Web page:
Neuroprotective Effects of the Sonic Hedgehog Signaling Pathway in Ischemic Injury through Promotion of Synaptic and Neuronal Health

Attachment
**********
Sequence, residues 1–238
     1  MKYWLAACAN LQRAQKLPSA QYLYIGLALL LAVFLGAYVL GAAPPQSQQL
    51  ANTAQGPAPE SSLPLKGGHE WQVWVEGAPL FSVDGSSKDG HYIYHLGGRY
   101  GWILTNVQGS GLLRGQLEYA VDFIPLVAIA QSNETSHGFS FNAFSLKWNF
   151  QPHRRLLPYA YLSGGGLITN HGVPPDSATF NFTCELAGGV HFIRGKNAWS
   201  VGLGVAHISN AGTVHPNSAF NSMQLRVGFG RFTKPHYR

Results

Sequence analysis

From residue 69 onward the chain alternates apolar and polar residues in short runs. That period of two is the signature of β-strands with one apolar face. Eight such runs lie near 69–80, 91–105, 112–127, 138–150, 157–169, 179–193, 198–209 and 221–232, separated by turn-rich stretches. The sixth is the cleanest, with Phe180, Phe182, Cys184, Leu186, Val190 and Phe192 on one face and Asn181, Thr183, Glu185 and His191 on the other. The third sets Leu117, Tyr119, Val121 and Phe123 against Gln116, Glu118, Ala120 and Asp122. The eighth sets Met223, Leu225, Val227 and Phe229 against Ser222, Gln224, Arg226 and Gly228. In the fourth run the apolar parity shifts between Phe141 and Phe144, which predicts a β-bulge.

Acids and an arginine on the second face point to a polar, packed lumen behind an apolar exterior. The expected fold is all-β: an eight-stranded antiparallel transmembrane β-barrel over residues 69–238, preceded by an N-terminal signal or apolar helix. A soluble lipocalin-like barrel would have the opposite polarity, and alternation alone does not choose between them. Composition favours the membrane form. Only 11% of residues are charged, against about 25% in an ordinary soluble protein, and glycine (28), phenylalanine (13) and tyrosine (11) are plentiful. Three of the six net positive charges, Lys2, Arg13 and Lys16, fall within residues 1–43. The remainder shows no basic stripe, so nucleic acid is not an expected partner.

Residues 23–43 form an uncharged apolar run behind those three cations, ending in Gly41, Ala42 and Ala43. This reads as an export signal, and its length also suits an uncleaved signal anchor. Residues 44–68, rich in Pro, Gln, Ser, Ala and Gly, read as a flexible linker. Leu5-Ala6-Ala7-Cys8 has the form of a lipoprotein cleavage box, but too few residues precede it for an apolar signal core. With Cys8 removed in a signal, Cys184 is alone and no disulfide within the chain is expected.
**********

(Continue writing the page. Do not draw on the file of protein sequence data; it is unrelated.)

Cerebral ischemia is a common cerebrovascular condition which often induces neuronal apoptosis, leading to brain damage. The sonic hedgehog (Shh) signaling pathway has been reported to be involved in ischemic stroke, but the underlying mechanisms have not been fully elucidated. In the present study, we demonstrated that expressions of Shh, Ptch, and Gli-1 were significantly downregulated at 24 h following oxygen-glucose deprivation (OGD) injury in neurons in vitro, effects which were associated with increasing numbers of apoptotic cells and reactive oxygen species generation. In addition, expressions of synaptic proteins (neuroligin and neurexin) were significantly downregulated at 8 h following OGD, also associated with concomitant neuronal apoptosis. Treatment with purmorphamine, a Shh agonist, increased Gli-1 in the nucleus of neurons and protected against OGD injury, whereas the Shh inhibitor, cyclopamine, produced the opposite effects. Activation of Shh signals promoted CREB and Akt phosphorylation; upregulated the expressions of BDNF, neuroligin, and neurexin; and decreased NF-κB phosphorylation following OGD. Notably, this activation of Shh signals was accompanied by improved neurobehavioral responses along with attenuations in edema and apoptosis at 48 h postischemic insult in rats. Taken together, these results demonstrate that activation of the Shh signaling pathway played a neuroprotective role in response to ischemic exposure via promotion of synaptic and neuronal health.

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